Amy Buckland (Panelist) is the eScholarship, ePublishing & Digitization Coordinator at McGill University Library, where she is responsible for scholarly communication, publishing initiatives and making rare items from special collections available to the world thorough digitization, She is the president-elect of the Eastern Canada Chapter of the Special Libraries Association and publishers of the Library Student Journal. She was recognized as a “Mover and Shaker” by the Library Journal in 2008 and an SLA Rising Star in 2010. She also was a recipient of the Librarian Excellence Award@McGill in 2010. She loves information almost as much as Fluevog shoes and thinks academic libraryland is ripe for a revolution.

Dr. Lynn Silipigni Connaway (Panelist) is a Senior Research Scientist at OCLC Research. She leads the OCLC Research User Behavior Studies & Synthesis activities theme. Her responsibilities include research projects that directly involve OCLC libraries and users.

Dr. Elin Jacob (Panelist) is an Associate Professor at the School of Library and Information Science at Indiana University Bloomington. Her areas of expertise include classification and categorization; indexing systems as cognitive scaffolding and the design and evaluation of ontologies and metadata schemas.

Dr. Matthew Kirschenbaum (Panelist) is an Associate Professor in the department of English at the University of Maryland and Associate Director of the Maryland Institute for Technology in the Humanities (MITH), an applied thinktank for the digital humanities. He is also an affiliated faculty member with the Human-Computer Interaction Lab at Maryland, and a Vice President of the Electronic Literature Organization.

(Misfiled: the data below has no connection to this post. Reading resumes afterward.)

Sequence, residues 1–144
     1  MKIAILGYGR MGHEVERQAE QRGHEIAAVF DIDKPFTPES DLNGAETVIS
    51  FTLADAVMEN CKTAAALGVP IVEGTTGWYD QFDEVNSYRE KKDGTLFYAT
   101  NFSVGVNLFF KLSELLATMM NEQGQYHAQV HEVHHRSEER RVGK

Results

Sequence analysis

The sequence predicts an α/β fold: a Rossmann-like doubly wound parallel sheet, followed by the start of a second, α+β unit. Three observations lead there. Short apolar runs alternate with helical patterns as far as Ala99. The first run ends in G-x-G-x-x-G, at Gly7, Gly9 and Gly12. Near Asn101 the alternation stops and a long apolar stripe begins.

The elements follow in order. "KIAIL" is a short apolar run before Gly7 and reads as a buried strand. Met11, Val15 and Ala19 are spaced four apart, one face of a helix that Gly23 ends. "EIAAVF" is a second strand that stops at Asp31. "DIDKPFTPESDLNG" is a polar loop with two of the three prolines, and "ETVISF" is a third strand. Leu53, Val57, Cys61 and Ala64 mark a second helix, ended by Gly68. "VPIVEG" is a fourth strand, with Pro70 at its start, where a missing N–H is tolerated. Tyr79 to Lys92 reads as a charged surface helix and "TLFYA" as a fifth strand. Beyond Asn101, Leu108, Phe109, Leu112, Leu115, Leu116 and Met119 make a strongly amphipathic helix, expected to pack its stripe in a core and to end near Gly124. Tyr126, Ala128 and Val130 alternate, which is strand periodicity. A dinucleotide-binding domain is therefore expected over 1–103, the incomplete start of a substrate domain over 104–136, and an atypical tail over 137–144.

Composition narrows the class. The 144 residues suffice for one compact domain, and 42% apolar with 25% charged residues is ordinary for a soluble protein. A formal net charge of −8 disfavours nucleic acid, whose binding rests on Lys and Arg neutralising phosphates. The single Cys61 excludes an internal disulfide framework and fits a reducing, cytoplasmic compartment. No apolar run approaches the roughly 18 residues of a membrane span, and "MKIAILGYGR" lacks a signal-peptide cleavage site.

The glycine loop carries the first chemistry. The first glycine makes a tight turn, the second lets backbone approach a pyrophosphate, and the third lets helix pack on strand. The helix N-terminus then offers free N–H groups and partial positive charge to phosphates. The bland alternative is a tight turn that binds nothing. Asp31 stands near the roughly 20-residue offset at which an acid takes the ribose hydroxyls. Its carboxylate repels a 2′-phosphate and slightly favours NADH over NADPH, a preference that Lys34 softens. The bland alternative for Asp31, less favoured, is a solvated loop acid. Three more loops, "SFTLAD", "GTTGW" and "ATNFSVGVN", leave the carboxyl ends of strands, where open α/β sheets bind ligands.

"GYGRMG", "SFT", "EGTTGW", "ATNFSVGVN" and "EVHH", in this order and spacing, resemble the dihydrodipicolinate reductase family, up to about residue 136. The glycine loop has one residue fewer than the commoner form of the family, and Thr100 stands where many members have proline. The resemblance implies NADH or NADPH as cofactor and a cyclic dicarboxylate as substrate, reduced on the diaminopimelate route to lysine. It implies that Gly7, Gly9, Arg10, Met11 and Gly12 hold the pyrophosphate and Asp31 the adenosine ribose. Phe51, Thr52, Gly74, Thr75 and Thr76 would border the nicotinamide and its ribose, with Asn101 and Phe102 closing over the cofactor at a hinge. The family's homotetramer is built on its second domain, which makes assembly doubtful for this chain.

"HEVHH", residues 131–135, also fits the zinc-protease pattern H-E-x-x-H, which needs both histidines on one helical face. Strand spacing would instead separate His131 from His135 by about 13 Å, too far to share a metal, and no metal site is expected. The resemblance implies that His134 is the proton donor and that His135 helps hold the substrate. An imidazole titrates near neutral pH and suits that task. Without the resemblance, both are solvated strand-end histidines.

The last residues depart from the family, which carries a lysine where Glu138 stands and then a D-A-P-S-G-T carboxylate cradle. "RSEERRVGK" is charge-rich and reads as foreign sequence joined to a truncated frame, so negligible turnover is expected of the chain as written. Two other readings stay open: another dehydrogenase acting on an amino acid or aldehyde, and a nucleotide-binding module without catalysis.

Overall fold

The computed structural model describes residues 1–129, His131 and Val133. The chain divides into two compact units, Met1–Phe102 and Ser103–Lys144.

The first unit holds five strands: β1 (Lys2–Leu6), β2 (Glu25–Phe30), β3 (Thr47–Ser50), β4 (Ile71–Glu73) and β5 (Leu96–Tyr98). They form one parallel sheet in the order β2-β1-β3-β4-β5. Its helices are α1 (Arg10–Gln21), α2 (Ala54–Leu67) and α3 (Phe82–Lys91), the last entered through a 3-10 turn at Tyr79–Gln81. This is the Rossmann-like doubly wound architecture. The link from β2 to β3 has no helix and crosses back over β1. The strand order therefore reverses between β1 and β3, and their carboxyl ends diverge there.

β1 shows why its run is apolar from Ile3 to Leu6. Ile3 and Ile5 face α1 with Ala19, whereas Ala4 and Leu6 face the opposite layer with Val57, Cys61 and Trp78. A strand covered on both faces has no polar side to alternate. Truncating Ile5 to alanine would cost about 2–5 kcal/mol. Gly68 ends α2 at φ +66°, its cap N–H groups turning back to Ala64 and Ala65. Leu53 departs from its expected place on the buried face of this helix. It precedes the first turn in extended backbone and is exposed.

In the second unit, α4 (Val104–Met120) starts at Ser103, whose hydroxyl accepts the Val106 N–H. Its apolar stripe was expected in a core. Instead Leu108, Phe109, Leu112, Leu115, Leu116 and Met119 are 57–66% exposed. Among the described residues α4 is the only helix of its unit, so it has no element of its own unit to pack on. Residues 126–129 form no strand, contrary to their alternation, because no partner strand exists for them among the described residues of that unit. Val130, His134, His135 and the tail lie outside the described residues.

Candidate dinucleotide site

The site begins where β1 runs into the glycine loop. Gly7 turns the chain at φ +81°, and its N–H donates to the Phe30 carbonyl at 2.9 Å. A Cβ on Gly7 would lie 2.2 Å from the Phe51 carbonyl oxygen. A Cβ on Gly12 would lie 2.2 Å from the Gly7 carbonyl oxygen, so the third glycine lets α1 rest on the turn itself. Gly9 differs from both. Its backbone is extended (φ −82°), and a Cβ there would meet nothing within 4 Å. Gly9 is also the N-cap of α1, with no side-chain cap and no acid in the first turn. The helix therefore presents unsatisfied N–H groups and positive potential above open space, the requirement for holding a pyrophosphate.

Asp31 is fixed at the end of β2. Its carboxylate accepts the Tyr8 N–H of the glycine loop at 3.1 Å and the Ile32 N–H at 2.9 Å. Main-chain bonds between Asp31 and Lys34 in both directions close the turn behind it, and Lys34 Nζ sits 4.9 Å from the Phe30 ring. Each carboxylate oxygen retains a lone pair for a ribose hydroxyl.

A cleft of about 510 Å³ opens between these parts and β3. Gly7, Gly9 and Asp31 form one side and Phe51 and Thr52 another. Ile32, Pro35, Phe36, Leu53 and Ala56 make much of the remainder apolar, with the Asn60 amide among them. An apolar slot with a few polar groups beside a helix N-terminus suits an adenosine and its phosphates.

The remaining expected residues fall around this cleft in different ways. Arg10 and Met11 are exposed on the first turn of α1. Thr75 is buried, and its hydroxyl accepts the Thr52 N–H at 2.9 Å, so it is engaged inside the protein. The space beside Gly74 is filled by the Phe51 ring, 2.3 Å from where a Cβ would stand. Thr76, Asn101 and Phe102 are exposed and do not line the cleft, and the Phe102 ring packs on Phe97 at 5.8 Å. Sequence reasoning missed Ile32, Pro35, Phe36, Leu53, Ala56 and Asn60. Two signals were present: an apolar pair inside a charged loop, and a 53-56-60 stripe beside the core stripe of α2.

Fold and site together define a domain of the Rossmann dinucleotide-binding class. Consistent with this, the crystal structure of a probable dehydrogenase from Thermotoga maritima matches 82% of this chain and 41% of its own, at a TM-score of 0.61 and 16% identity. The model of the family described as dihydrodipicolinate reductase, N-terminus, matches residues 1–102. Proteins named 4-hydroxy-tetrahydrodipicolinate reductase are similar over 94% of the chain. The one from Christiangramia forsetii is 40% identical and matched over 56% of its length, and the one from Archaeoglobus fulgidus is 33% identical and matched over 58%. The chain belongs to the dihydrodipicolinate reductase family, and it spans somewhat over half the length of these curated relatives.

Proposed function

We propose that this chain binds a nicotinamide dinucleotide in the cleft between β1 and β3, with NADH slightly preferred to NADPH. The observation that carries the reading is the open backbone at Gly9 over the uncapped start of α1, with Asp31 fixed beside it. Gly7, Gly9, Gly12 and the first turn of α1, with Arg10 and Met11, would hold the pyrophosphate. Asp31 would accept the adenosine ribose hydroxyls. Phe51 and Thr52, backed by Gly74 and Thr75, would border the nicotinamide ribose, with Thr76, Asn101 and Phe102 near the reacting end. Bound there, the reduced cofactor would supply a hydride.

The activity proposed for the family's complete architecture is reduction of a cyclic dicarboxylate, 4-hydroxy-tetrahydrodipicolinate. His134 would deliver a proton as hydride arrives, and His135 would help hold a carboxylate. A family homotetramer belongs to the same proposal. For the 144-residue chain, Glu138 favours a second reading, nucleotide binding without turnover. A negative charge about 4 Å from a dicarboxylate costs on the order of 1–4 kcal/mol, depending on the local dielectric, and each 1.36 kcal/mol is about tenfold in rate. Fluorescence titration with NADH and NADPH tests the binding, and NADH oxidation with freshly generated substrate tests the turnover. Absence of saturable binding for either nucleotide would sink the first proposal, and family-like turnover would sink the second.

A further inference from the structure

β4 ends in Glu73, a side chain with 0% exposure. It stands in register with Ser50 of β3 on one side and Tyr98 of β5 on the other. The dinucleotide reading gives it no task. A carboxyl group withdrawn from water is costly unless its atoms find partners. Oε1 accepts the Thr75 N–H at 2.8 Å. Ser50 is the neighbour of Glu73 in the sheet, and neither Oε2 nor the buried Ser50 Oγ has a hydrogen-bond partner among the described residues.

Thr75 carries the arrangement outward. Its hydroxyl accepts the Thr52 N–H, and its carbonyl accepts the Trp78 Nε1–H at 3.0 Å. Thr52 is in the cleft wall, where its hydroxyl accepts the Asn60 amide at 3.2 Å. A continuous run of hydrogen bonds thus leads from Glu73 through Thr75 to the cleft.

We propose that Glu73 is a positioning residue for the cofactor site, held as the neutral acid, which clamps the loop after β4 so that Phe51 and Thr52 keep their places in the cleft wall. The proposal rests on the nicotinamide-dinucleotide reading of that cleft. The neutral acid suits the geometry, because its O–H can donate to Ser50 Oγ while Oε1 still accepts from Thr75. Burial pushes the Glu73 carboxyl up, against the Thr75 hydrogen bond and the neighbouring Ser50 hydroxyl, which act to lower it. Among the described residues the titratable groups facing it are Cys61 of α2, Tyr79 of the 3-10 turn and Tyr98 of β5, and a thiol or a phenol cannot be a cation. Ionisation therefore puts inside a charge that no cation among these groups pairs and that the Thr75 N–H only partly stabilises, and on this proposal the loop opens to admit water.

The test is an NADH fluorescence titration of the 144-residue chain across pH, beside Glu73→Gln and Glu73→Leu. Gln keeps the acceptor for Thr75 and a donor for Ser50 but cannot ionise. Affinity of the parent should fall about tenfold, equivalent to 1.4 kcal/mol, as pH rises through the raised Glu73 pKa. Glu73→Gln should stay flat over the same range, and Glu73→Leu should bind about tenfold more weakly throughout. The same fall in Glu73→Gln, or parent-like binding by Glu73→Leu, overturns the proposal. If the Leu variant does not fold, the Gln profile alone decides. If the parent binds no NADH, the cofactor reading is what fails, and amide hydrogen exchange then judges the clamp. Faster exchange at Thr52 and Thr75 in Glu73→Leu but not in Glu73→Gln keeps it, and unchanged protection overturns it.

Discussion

Dr. Gary Marchionini (Panelist) is Dean and Cary C. Boshamer Professor at the School of Information and Library Science (SILS) at the University of North Carolina at Chapel Hill. A past president of ASIS&T (2009-2010), his varied research interests include human information interaction and human-computer interaction, human-centered computing, information retrieval, digital libraries, information architecture, digital government, cyberspace identity, and information policy. He is the head of SILS' Interaction Design Lab. A particular current project of note is the SILS Lifetime Library, providing trusted storage and associated services for SILS students and alumni. Currently in the pilot stage, the LifeTime Library provides students with free web-based data storage space to manage and maintain their digital content, hosted by the school, into perpetuity.